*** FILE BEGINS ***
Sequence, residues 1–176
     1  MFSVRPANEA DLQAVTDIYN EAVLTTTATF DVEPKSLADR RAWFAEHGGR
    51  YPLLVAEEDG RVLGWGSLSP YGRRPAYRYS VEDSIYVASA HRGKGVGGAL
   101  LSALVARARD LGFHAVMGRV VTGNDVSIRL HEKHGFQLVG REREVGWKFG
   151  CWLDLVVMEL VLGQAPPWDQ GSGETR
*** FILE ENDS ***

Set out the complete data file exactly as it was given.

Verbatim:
Sequence, residues 1–176
     1  MFSVRPANEA DLQAVTDIYN EAVLTTTATF DVEPKSLADR RAWFAEHGGR
    51  YPLLVAEEDG RVLGWGSLSP YGRRPAYRYS VEDSIYVASA HRGKGVGGAL
   101  LSALVARARD LGFHAVMGRV VTGNDVSIRL HEKHGFQLVG REREVGWKFG
   151  CWLDLVVMEL VLGQAPPWDQ GSGETR